Which bathroom to use is no easy question for transgendered people


For transgender people, the choice between the men’s room and the women’s room often leaves them stuck in the middle with crossed legs and nowhere to go. They are faced with harassment from security guards, police officers and other restroom users for appearing to use the “wrong bathroom.”

“There isn’t a person who hasn’t had an awkward experience in a bathroom,” said Bailey Stevens, a member of the Bathroom Liberation Front.

Transgender people experience a much more severe problem than just occasional awkwardness, Stevens said. Every time transgendered people use the bathroom, someone who feels a sexually ambiguous person doesn’t belong in the restroom might confront him or her.

“This is definitely a problem,” said J. Riley, who lives in Washington. “I used to have to use the women’s bathroom at work while I was transitioning, and even though I had facial hair I had to use the ladies’ room.”

Activists have been mobilizing to create gender-neutral restrooms for about a decade, with much of their activity based on college campuses. Recently, the issue moved further into public consciousness because of new organizations like the Bathroom Liberation Front, a Web-based activist group that recently created safe2pee.org, a Web site that maps unisex bathrooms throughout the United States and Canada.

Some transgender people, born and raised as female, become male, and some males become females. For some, but not all, transitioning means having surgery and hormone treatment to become more aligned with their chosen gender. Those who have hormone treatments develop features, such as beards and breasts, of the sex into which they are transitioning. Women who have become men, and men who have become women are often indistinguishable from the rest of the population.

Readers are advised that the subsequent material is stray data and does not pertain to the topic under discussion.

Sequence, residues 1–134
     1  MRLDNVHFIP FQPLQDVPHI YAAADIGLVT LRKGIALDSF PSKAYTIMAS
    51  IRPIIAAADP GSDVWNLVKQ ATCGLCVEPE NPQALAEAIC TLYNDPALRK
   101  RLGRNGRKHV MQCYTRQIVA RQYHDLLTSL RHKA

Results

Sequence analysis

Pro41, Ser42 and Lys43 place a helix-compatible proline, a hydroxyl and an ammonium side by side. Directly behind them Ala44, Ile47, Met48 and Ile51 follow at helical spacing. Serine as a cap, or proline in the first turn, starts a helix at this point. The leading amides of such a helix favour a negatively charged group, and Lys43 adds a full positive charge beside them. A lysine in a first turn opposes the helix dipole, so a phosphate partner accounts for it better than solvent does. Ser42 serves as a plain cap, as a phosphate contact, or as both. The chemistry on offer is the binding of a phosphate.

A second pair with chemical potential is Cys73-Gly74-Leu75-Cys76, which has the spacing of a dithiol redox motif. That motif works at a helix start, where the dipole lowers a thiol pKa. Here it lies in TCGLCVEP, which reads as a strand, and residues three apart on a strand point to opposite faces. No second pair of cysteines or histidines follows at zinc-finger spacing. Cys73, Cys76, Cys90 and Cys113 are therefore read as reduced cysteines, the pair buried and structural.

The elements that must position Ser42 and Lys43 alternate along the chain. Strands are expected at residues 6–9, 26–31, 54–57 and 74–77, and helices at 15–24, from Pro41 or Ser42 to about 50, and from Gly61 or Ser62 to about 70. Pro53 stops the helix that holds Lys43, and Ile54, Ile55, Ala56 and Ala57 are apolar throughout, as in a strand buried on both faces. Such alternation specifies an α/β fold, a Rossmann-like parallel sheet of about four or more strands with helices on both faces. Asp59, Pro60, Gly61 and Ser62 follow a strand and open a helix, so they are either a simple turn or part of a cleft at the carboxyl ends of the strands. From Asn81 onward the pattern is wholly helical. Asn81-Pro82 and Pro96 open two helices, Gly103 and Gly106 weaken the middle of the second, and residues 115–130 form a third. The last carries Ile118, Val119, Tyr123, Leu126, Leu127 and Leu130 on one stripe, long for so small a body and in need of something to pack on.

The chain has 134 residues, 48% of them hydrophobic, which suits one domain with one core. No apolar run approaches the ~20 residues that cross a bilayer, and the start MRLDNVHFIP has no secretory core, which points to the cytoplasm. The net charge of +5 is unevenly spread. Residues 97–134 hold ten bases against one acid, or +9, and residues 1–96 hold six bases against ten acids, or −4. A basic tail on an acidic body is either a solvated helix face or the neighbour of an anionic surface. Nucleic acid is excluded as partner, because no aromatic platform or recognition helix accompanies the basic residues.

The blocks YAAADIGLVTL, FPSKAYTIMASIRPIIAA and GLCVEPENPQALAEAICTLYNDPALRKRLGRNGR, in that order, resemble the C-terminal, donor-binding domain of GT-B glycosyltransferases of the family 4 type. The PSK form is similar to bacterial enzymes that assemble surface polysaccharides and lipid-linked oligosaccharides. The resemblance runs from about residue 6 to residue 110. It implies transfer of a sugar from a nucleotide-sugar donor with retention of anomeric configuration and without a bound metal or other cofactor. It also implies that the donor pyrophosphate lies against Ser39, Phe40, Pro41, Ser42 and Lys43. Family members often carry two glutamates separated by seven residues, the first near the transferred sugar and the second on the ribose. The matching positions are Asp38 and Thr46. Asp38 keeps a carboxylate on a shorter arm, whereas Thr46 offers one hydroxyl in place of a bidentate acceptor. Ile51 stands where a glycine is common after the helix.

But for people in the process of changing genders, their features might mark them as not quite male, and not quite female. There are also people who refuse to conform to either male or female gender roles and maintain characteristics of both men and women. For these people, being and looking androgynous is not a passing phase but their chosen gender identity.

Because there is no federal law that mandates bathroom access for transgender people, colleges, corporations and cities must decide on their own whether or how to respond.

“Almost all transgender law right now is happening on the local level,” said Chris Daley, director of the Transgender Law Center in San Francisco. In fact, Daley said, bathroom access for sexually ambiguous people is an issue that lends itself much better to local organizing and awareness-raising than to legal activism.

“The real opposition out there is just tradition,” he said. “By and large, there’s no movement supporting that tradition.”

“I do hear students say it’s an issue for them,” said Todd Smith, director of New York University’s Office of Lesbian, Gay, Bisexual and Transgender Student Services. On its Web site, the office includes the locations of gender-neutral bathrooms on campus.

Gender-specific bathrooms are not just a transgender issue, said Shani Heckman, director of a short documentary called “Wrong Bathroom,” released last year. It’s more a community issue, she said, citing parents’ need to take their children to the restroom. And it’s a personal cause for Heckman, too. As a self-described masculine-looking woman, she wants to expand the gender categories to allow for more variation. “I don’t want to be a man. I want manly women to be around and to be accepted.”